Prostitution

Regulating Massage Parlors in San Jose (CA Penal Code 647(b))

Due in part to complaints from citizens, authorities in San Jose have began cracking down on Massage Parlors.  In 2014, authorities investigated over twenty local parlors and have issued civil citations, criminal complaints for violation of California Penal Code 647(b) as well as eviction notices.  None of the establishments investigated were found to have engaged in human trafficking.

The Massage Therapy Act passed in January allows local governments increased control over all massage therapists but it is clearly aimed at those suspected of illegal activities. Now city officials state a concern that this will create a vast demand for escort services and that a new effort is needed to curb an expected surge in illicit activities. Citizens should expect more sting operations as well as additional civil complaints and citations against the business establishment.  Finally, it is clear that San Jose is aiming to begin a large scale Human Trafficking investigation.

CA PC 647(b) prohibits prostitution and solicitation. Any person who either actually participates in prostitution, agrees to have intimate relations with a prostitute, or offers to engage in acts of prostitution may be prosecuted under this law. Usually being charged with prostitution is considered a misdemeanor, carrying with it a penalty of up to 6 months in county jail and a potential $1,000 fine.

Oakland’s Sex Trafficking Stings – Politics, Grants and Waste! (CA Penal Code 647(b))

District Attorney in Alameda County, Nancy O’Malley has made sex trafficking a major campaign issue.  The recent $15 million Federal grant is meant to combat the problem of human trafficking, specifically trafficking minors.  This is a lofty and honorable goal.  Human trafficking is a felony and is severely punished, especially since the passage of proposition 35.  This opinion is not meant to address proposition 35 nor the appropriate sentences for those convicted of human trafficking.  Instead, this opinion’s focus is on the means used to combat human trafficking and the manner in which Alameda County is using Federal funds.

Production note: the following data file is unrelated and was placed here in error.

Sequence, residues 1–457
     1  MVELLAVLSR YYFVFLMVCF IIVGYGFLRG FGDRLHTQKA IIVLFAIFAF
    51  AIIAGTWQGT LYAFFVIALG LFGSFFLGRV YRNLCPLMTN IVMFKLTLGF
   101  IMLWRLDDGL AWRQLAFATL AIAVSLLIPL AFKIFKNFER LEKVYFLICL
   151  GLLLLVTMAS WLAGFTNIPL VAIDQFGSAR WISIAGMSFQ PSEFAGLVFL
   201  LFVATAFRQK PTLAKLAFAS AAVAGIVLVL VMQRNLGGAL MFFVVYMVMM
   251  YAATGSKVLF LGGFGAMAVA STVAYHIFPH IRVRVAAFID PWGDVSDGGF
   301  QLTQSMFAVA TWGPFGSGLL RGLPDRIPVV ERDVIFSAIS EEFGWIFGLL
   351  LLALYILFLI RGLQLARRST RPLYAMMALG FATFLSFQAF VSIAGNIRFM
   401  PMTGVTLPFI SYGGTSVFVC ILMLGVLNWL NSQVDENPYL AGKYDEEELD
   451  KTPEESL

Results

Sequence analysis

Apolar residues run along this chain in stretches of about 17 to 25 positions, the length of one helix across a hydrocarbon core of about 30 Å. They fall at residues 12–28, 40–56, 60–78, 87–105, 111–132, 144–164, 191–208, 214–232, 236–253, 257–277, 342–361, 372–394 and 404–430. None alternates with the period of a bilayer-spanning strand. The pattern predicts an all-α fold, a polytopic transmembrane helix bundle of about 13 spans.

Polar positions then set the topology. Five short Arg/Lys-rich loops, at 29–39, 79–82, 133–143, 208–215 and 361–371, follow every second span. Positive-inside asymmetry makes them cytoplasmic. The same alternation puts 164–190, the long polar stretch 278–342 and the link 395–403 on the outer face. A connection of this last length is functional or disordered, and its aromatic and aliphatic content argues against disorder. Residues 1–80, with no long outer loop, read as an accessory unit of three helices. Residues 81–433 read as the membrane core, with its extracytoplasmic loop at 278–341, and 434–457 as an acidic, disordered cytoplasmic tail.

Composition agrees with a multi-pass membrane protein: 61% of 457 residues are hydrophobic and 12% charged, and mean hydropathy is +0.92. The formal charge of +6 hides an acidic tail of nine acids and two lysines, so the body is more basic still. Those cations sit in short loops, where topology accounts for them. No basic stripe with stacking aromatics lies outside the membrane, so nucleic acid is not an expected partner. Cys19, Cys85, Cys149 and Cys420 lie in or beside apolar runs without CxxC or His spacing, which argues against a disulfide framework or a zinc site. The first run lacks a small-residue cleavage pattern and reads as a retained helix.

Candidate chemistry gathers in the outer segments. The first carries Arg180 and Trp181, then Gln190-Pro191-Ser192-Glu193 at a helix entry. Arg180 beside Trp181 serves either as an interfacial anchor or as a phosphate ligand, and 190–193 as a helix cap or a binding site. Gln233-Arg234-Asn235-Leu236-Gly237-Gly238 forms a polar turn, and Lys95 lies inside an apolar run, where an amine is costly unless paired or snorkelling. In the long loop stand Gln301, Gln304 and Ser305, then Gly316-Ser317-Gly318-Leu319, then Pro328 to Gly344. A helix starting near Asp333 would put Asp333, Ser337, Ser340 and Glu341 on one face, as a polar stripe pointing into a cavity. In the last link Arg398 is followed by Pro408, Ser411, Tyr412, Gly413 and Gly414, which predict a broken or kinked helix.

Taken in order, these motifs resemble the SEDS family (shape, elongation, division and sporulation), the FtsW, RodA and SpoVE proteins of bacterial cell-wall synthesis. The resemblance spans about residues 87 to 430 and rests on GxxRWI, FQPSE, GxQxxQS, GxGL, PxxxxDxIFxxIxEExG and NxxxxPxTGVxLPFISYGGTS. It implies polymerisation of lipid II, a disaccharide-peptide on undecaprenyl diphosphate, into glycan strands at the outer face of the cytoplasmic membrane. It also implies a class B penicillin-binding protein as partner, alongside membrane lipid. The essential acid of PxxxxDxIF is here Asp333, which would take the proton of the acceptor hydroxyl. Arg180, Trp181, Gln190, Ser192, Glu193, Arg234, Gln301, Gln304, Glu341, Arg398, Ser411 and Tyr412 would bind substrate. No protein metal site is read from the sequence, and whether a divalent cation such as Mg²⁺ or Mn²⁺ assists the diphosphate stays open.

Over the past few months, several police agencies in Alameda have engaged in repeated sting operations meant to arrest those soliciting prostitutes (CA Penal Code 647(b)).  These stings make no distinction between those looking for mature, willing prostitutes and minors under control of pimps etc.  Instead, these costly operations have led to massive arrests of men for misdemeanor violation of solicitation (CA Penal Code section 647(b)).  This uptick in arrests is used as a political platform and the number of arrests meant to win political support.  However, arresting and prosecuting men for misdemeanor violation does very little to combat trafficking of minors.  Almost without exception, these arrests are a result of ads placed on prominent sites such as Backpage.com in which men are lured into soliciting what they believe is a consenting adult, not a minor.  Shaming and prosecuting those engaged in such behavior may win political points but does nothing for the stated goal. Using the number of arrests as a slogan without distinguishing the nature of arrest is a shameful tactic and a misuse of public funds and trust.

The war against human trafficking, like any war, must focus on those engaged in the behavior we seek to curb.  There are many consenting adults engaged in prostitution (PC 647(b)) and arresting and prosecuting these individuals does nothing to help those this witch-hunt is meant to protect.

Federal Court Sentences Man for Sex Trafficking of Minor (18 U.S. Code 2423(a))

It is a well-known and unfortunate fact that Sacramento is one of the nation’s sex trafficking hotbeds. A man from Las Vegas, as a matter of fact, has recently been convicted by a federal court of sex trafficking in Sacramento for having transported a 16-year-old girl over at least 5 states lines for the purposes of using her in the sex trade. According to court documents, the 2 travelled through, not only California, but also Nevada, Oregon, Washington, and Arizona before local law enforcement officers in the town of Weed apprehended the man. The victim in the case has testified that she was given several different illegal drugs, including intravenous methamphetamine, and repeatedly sexually assaulted by her captor. Several different law enforcement agencies were involved in his eventual capture, including the FBI, the California Highway Patrol, and various local police departments.   He was sentenced to 17 and ½ years in a federal facility.